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Illustration: Sarah Grillo/Axios

Twitter is adding new security measures for a designated group of high-profile, election-related Twitter accounts in the U.S.

Why it matters: The move follows a major hack of high-profile Twitter users in July that security experts worry could foreshadow security risks ahead of the election.

Details: Beginning Thursday, accounts belonging to members of the U.S. Executive Branch, U.S. Congress, U.S. Governors and Secretaries of State, presidential campaigns, political parties and candidates with Twitter Election Labels running for U.S. House, U.S. Senate, or Governor will be required to implement the new features.

Twitter
  • The select accounts that are required to make security changes will be informed via an in-app notification from Twitter about a few of the initial account security measures the tech giant will require or strongly recommend. (See above.)
  • While Twitter says it's requiring certain accounts to take these measures, it encourages anyone who has an account to take these additional precautions as well.

The big picture: For Twitter, it's not just important to keep accounts safe, but to also make sure its platform is trusted by users and regulators around the world. Following its major hack in July, policymakers expressed concern about the platform's vulnerabilities.

What's next: Twitter says it will implement additional proactive internal security safeguards for these accounts in the coming weeks, including more sophisticated detections and alerts and expedited account recovery support.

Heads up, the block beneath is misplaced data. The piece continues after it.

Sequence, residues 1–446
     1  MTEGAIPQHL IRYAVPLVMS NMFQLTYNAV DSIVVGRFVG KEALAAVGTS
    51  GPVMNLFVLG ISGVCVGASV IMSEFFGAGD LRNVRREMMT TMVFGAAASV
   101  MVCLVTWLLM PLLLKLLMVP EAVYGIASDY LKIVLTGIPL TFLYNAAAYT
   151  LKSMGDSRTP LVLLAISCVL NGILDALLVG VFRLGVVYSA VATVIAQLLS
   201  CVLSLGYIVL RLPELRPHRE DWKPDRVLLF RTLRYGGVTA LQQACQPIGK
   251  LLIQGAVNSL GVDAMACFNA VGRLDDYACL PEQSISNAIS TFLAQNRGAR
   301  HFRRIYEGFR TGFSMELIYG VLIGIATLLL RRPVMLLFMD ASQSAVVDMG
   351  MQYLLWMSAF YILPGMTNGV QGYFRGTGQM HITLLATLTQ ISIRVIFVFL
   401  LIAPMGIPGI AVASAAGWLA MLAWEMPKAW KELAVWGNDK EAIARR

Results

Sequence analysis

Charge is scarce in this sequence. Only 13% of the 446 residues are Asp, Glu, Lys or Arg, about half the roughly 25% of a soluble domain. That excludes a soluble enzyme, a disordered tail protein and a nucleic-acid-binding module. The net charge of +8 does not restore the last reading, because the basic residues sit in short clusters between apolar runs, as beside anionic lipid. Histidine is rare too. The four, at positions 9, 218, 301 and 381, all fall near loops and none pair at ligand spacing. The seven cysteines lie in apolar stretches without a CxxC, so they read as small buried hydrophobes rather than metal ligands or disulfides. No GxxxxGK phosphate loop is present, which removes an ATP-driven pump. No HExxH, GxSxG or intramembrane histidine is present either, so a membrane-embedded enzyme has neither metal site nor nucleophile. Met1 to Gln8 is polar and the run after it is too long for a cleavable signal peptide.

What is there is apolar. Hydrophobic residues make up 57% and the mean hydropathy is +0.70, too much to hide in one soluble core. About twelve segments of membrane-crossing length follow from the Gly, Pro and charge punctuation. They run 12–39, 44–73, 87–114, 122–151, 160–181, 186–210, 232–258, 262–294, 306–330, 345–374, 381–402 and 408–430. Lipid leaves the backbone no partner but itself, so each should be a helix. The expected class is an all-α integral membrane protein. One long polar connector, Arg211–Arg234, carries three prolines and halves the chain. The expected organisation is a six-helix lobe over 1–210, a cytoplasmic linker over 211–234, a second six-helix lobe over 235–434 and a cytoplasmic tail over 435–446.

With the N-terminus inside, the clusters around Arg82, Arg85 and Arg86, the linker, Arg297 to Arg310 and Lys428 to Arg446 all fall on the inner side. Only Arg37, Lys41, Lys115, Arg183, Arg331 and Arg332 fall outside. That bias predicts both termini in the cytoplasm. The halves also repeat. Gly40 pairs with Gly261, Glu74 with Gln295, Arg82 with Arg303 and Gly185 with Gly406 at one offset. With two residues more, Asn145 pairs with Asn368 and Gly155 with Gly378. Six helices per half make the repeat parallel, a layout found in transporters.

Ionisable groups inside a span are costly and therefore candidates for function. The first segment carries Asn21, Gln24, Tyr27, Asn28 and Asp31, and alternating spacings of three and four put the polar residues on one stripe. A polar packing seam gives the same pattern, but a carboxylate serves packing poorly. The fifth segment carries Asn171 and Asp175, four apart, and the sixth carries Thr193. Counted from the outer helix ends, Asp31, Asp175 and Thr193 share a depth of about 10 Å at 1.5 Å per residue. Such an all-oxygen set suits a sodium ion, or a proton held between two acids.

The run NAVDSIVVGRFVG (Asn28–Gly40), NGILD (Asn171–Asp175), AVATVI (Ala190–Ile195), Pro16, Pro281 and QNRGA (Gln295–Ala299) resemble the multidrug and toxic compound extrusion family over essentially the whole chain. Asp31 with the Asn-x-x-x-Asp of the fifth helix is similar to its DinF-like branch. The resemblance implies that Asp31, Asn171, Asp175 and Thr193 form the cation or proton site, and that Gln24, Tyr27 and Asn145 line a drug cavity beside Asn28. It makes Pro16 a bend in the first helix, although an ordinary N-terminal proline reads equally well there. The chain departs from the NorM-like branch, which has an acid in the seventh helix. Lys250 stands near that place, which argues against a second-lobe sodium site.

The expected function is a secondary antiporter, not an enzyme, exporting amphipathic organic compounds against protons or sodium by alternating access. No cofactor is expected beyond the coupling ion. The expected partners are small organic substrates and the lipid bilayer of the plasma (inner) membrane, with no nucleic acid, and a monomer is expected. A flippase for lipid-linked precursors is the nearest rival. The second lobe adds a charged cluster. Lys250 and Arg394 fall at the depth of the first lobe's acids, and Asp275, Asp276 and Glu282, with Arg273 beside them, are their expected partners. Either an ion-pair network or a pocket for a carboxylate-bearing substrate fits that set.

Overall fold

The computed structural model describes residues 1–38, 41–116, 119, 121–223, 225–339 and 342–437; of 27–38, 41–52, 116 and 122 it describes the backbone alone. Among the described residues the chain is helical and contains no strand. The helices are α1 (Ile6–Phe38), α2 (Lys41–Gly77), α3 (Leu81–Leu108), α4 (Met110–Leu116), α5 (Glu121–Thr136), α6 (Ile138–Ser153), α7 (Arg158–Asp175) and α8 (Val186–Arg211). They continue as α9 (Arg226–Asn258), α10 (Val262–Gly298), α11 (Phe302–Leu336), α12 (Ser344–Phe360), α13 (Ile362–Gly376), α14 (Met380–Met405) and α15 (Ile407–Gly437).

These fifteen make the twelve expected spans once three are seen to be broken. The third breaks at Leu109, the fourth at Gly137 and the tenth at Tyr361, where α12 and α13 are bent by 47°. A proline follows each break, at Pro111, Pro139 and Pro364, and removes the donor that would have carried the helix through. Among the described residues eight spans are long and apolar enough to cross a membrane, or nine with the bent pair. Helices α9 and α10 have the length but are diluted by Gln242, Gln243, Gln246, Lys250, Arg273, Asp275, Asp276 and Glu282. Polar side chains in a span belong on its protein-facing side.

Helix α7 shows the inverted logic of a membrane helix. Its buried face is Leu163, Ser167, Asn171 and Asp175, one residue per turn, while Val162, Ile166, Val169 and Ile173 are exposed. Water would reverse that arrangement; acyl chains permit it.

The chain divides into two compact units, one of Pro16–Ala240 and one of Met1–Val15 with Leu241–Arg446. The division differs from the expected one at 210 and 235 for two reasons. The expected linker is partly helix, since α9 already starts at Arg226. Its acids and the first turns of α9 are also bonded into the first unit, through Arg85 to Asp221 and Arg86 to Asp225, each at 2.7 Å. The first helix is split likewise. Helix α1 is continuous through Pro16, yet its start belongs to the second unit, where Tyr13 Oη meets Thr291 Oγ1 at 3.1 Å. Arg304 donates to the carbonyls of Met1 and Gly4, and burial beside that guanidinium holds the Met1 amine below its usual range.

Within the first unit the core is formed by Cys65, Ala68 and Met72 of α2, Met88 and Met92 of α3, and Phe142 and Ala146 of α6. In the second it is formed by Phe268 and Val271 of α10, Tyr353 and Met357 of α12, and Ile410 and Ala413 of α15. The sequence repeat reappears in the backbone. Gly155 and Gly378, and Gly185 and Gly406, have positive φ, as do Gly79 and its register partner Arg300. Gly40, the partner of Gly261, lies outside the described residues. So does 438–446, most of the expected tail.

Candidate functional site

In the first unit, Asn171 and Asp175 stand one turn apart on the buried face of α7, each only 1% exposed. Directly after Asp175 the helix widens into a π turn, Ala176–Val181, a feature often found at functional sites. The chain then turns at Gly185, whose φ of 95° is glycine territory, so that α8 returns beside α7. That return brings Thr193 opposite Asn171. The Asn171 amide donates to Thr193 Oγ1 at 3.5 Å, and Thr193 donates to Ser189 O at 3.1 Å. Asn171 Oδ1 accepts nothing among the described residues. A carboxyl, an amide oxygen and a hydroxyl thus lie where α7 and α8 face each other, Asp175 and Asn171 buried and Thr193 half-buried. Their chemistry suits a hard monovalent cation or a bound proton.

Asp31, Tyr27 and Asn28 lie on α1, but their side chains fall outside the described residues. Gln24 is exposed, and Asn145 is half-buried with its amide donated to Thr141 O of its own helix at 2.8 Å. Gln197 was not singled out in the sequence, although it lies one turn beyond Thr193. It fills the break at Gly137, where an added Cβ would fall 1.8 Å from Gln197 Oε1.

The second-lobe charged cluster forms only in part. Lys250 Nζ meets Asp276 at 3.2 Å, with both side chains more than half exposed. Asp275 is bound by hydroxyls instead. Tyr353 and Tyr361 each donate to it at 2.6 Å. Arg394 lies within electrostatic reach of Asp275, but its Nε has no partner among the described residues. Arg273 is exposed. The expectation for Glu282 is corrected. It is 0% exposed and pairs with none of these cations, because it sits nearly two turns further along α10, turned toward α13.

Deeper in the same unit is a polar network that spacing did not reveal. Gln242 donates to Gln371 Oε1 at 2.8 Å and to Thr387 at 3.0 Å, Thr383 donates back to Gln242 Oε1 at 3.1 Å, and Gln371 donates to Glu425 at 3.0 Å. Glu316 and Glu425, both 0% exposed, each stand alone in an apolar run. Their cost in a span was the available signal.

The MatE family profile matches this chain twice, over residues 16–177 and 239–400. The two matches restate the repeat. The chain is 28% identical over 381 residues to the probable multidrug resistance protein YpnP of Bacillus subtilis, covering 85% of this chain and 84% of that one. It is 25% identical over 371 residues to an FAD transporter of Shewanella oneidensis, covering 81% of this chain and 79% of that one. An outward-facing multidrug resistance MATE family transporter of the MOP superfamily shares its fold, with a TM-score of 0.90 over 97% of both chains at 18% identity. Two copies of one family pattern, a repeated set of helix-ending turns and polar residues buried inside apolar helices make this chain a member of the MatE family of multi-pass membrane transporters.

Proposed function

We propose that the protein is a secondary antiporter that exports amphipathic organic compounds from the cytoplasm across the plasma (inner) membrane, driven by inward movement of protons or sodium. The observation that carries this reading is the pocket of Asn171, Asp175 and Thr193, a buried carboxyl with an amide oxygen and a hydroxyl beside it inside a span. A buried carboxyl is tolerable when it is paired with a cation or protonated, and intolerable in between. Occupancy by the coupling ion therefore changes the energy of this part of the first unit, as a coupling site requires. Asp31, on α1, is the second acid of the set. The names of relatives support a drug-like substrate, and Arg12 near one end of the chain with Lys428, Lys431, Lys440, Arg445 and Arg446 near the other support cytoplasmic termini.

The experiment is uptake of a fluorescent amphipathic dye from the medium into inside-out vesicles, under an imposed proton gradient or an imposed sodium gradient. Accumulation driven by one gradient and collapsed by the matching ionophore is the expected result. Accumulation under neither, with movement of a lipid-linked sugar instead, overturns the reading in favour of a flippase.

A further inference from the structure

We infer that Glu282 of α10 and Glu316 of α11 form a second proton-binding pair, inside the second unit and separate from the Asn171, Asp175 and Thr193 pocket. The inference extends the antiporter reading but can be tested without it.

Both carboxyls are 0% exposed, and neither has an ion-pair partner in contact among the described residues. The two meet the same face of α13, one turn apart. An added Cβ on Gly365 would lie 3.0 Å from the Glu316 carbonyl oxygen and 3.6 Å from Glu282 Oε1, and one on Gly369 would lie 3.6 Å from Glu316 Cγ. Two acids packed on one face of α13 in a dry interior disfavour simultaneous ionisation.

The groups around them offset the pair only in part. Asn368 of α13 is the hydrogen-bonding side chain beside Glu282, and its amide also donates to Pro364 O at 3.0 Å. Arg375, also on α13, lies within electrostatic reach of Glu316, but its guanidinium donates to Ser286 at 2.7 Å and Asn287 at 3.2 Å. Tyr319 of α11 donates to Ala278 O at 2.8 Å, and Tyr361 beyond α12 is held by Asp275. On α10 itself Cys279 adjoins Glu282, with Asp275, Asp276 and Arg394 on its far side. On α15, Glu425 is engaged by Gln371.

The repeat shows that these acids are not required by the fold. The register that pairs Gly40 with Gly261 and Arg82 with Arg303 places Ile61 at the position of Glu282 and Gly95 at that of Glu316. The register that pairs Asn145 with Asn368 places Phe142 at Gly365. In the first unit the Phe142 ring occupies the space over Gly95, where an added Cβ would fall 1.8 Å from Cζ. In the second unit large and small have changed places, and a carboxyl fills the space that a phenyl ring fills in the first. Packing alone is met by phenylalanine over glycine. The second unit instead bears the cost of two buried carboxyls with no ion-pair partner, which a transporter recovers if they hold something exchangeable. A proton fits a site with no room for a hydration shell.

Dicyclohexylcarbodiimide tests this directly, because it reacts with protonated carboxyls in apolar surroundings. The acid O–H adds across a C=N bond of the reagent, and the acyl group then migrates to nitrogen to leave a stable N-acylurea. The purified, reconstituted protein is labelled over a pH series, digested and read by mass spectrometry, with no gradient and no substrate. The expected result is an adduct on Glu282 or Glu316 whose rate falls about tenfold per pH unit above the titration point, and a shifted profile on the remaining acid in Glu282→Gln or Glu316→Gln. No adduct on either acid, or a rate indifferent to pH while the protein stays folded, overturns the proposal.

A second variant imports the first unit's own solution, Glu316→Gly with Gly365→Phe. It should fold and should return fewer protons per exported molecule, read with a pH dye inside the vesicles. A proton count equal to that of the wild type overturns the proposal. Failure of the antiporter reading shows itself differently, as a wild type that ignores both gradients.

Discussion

Go deeper:

Go deeper

Mike Allen, author of AM
Dec 24, 2020 - Politics & Policy

Biden says Russian-linked cyberattack started "last year"

President-elect Biden speaks Tuesday. Photo: Alex Edelman/AFP via Getty Images

President-elect Biden said during his remarks in Wilmington on Tuesday that the Russia-tied cyberattack, which formerly was known to go back to as early as March, began "at least last year."

Why it matters: An administration source verified the earlier breach date — compounding the work and expense involved in rooting out the intruders, discovering what was lost and fixing for the future.

Exclusive: White House meeting with members of Problem Solvers Caucus

Members of the Problem Solvers Caucus discuss the COVID-19 relief bill in December. Photo: Oliver Contreras/Bloomberg via Getty Images

Top White House officials will meet Wednesday with a bipartisan coalition of House lawmakers as the administration tries to enlist moderates to support the president's infrastructure proposal.

Why it matters: The meeting is something of an olive branch after President Biden's team courted groups of progressives to back the $2.2 trillion package.

2 hours ago - Health

The new vaccine threat is fear itself

Illustration: Sarah Grillo/Axios

The FDA’s decision to pause the use of Johnson & Johnson's coronavirus vaccine has set off a chain reaction of fear — about the safety of the vaccine, and about whether the FDA is overreacting — that's causing unnecessary drama just as the vaccine effort is finally picking up speed.

The big picture: Throughout the pandemic, the public and the media, and sometimes even regulators, have struggled to keep risks in perspective — to acknowledge them without exaggerating them, and to avoid downplaying them because other people will exaggerate them.